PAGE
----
Maduro responded immediately to the Lima Declaration by calling for a new "dialogue of respect for Venezuela" among his ALBA allies and four of the declaration's signatories: Mexico, Colombia, Peru and Argentina. Maduro's proposal is essentially to create a smaller Latin American focus group to counter what he calls the "failed efforts" of the Organization of American States (OAS), an organization the Venezuelan government considers a Trojan Horse for U.S. interests.
At first blush, Maduro's call for new talks looks like a terrible idea from a desperate man. Maduro has repeatedly proven himself to be an intransigent and cynical negotiator who uses talks to buy time and divide opponents.
There's little reason to think that a new dialogue would be any different, says Latin America analyst Eric Farnsworth of the Council of the Americas. Farnsworth believes the Maduro regime would only negotiate in good faith if its survival were really on the line, and right now the stakes in Venezuela probably aren't high enough.
But despite the skepticism, some analysts think new talks might be the best of several bad options.
Farnsworth says if Mexico, Colombia, Peru, and Argentina accept Maduro's proposal and enter talks with a realistic agenda, a clear list of deliverables, and a series of pre-conditions to make sure Maduro isn't wasting everyone's time, the talks might just be Latin America's best chance to negotiate a homegrown solution to the Venezuela problem.
Best case scenario, the talks could take an unexpected turn and produce a roadmap back to democracy—a type of modern-day Esquipulas peace accords, Central America's remarkable effort to bring an end to the war in Nicaragua in the 1980s. Worst case scenario, the Venezuela talks would quickly fall apart if Maduro is unwilling to compromise and only wants to grandstand on an international stage.
"Maduro’s call for a regional peace dialogue is hard to take seriously at this point, in light of his government’s massive crackdown and his failure to keep his word" in previous talks, says Michael Shifter, president of the Inter-American Dialogue.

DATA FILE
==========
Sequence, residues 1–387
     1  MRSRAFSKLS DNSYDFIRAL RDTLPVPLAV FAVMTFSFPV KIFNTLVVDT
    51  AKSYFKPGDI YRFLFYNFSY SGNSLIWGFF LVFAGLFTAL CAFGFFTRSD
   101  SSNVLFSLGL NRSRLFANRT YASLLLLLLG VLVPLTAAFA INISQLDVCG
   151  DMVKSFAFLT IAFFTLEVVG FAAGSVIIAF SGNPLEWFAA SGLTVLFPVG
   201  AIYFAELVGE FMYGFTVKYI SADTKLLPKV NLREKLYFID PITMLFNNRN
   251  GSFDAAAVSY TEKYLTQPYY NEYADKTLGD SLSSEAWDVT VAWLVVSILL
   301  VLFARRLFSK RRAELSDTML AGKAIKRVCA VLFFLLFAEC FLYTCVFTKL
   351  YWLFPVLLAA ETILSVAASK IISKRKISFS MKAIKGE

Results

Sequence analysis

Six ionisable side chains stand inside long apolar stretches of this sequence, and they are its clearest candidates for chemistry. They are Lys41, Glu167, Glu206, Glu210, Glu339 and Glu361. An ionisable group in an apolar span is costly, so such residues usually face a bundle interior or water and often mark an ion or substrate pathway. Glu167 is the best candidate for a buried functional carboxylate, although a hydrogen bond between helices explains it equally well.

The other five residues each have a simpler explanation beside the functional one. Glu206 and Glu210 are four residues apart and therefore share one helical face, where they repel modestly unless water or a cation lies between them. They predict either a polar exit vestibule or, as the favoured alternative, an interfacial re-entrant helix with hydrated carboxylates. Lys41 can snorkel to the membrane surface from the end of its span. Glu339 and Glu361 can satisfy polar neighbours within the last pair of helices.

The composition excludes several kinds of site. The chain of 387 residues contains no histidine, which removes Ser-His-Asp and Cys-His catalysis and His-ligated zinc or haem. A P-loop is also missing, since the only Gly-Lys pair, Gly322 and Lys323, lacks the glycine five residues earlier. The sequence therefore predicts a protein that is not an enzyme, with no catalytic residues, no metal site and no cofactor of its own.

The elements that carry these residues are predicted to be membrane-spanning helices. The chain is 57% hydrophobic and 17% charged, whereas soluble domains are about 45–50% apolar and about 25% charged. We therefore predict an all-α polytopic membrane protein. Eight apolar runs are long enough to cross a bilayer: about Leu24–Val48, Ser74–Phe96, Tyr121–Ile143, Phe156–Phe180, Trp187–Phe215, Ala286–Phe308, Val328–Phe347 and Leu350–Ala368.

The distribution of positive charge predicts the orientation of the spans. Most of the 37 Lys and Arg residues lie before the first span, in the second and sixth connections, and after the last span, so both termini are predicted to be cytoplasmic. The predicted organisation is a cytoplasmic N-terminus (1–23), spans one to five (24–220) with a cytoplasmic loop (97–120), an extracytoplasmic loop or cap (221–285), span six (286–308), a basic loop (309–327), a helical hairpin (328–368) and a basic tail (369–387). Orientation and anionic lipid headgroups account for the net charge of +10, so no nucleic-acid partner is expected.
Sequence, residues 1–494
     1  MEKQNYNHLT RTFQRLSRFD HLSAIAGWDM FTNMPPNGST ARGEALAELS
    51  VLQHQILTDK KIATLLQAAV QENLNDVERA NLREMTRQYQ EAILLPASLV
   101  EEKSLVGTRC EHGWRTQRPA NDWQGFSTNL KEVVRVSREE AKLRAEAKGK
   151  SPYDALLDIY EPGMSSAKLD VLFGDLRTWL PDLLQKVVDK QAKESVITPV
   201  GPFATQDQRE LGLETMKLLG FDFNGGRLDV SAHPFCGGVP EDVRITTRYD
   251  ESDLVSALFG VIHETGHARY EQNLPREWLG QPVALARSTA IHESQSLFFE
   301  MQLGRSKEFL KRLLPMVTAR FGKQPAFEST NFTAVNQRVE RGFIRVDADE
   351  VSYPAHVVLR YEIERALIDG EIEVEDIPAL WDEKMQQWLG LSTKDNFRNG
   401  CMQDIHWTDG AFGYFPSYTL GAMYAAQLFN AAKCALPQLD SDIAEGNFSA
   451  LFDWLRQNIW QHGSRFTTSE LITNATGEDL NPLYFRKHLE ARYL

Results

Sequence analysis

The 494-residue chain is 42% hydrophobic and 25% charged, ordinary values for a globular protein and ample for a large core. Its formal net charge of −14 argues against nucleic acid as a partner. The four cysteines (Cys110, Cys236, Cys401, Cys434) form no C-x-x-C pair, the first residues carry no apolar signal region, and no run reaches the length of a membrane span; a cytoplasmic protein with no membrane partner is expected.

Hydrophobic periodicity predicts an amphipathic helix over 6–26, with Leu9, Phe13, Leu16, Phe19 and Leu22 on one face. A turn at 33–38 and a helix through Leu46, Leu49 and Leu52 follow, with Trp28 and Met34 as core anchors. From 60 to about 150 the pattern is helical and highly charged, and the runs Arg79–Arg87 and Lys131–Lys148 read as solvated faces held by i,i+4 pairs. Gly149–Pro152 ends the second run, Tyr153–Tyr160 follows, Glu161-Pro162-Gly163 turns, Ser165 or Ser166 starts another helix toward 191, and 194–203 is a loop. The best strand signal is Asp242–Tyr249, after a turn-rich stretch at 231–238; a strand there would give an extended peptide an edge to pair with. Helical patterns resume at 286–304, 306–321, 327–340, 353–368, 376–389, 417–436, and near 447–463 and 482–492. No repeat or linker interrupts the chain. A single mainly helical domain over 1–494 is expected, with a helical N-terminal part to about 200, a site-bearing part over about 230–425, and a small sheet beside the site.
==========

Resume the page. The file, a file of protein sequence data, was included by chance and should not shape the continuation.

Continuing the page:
Still, Shifter agrees it's worth a try because the alternative is bleak.
Without talks, there are several things that could happen in Venezuela, none of which are good:
- The constituent assembly writes a new constitution, expanding Maduro's authority. Protests continue, repression increases, the economic collapse deepens, the crisis worsens.
- The constitutional assembly tries to gain international legitimacy by removing Maduro from office and appointing a new Chavista hardliner as temporary president. It backfires. The government is less legitimate than ever, protests escalate, repression increases, Venezuela falls into the abyss and can't pull itself out.
- The Venezuelan military pulls a "Honduras" by ousting the president in a last-ditch effort to save the constitution and restore order. The move backfires even more spectacularly than it did in Honduras, triggering a horrible cycle of violence. The country falls apart.
That's not an exhaustive list of hypothetical scenarios, but before imagining other terrible outcomes for Venezuela, it's probably worth giving some serious consideration to Maduro's call for talks. It might only look like a good option in comparison to the terrible alternatives, but in realpolitik, that's all that matters.
"There is no guarantee that formula will work, but it’s worth a try," Shifter says. "It's surely preferable to other scenarios that could well bring significant levels of violence and lawlessness."